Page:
Generational Stereotypes When it Comes to Hiring, CMU Research
Now that most high school and college graduations are over, thousands of former students are preparing to enter the workforce.
Central Michigan University researched the behavior of Gen Z and millennials. The hope is that the results will help employers better understand the younger generations.
Associate Dean for CMU’s College of Business Misty Bennett says there are a lot of stereotypes challenging young adults looking to head into the workforce.
“The most common stereotypes that we typically hear from employers is that millennials comes in with a lot of expectations and are very demanding, they’re not loyal to a company, that they’re going to do a lot of job hopping and they are interested in all this work life balance and flexibility,” Bennett says.
CMU senior Liz Koehler says having benefits at a job would be a plus, but are not expected.
“I would like to find a job that pays me enough money to stay alive and maybe have a little bit of free time, to go on vacation once in a while and so I can stop worrying about money. That’s really all I want,” said Koehler.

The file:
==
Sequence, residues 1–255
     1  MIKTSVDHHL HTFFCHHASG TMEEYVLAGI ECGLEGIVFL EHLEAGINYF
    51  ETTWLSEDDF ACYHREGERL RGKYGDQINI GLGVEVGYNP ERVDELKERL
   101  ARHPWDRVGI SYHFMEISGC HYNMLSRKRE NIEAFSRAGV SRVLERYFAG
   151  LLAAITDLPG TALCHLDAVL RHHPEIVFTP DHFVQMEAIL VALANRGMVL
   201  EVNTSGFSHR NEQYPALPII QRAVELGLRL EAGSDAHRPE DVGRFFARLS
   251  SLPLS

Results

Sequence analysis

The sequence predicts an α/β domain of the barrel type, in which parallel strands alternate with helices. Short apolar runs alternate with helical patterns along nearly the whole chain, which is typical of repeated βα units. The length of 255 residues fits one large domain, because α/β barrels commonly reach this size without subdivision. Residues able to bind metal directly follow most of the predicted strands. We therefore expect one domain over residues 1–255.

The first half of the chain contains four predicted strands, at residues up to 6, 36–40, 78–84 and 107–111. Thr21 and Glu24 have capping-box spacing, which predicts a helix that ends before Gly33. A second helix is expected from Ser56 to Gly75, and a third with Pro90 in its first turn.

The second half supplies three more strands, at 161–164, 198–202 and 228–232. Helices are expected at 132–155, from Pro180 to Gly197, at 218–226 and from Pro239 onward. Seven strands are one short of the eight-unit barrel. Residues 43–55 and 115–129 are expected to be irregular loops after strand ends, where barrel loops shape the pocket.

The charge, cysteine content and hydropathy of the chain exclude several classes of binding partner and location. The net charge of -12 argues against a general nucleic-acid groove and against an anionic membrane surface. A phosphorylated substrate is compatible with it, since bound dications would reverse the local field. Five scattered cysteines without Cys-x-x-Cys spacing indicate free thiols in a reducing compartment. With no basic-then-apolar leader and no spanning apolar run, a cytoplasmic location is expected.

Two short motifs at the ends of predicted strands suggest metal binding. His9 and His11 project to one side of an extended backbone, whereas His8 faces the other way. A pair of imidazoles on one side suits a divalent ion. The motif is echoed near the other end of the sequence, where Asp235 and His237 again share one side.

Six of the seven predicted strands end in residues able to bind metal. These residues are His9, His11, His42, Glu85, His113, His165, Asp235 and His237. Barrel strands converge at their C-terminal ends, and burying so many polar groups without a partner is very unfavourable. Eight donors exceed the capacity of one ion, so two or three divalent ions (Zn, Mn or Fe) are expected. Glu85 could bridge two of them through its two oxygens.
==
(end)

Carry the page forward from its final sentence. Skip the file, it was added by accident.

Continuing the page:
In addition, Koehler says despite the stereotypes, her generation is far from lazy.
“One of our professors at the beginning of the summer asked us to raise our hand if we’re working more than 30 hours a week this summer while we’re in our full semester and pretty much the whole class raised their hand,” Koehler says.
Bennett’s research shows that employers should consider thinking outside of the box when it comes to hiring.
Bennett says, “Think a little bit more about, not in these stereotypes or these categories of well we only hire people in this type of experience or this age range or level and to really think about those individuals that might have the right skill set and sometimes that’s not somebody in the typical group that you’re looking for.”
Bennett encourages all generations to see the positives each group provides to the workplace.